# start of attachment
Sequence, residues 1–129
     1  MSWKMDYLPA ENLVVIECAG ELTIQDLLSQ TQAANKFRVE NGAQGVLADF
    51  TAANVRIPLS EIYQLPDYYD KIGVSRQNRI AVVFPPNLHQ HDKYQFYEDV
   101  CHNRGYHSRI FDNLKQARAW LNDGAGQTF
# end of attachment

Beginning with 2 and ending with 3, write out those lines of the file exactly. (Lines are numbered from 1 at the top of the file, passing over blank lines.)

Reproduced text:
     1  MSWKMDYLPA ENLVVIECAG ELTIQDLLSQ TQAANKFRVE NGAQGVLADF
    51  TAANVRIPLS EIYQLPDYYD KIGVSRQNRI AVVFPPNLHQ HDKYQFYEDV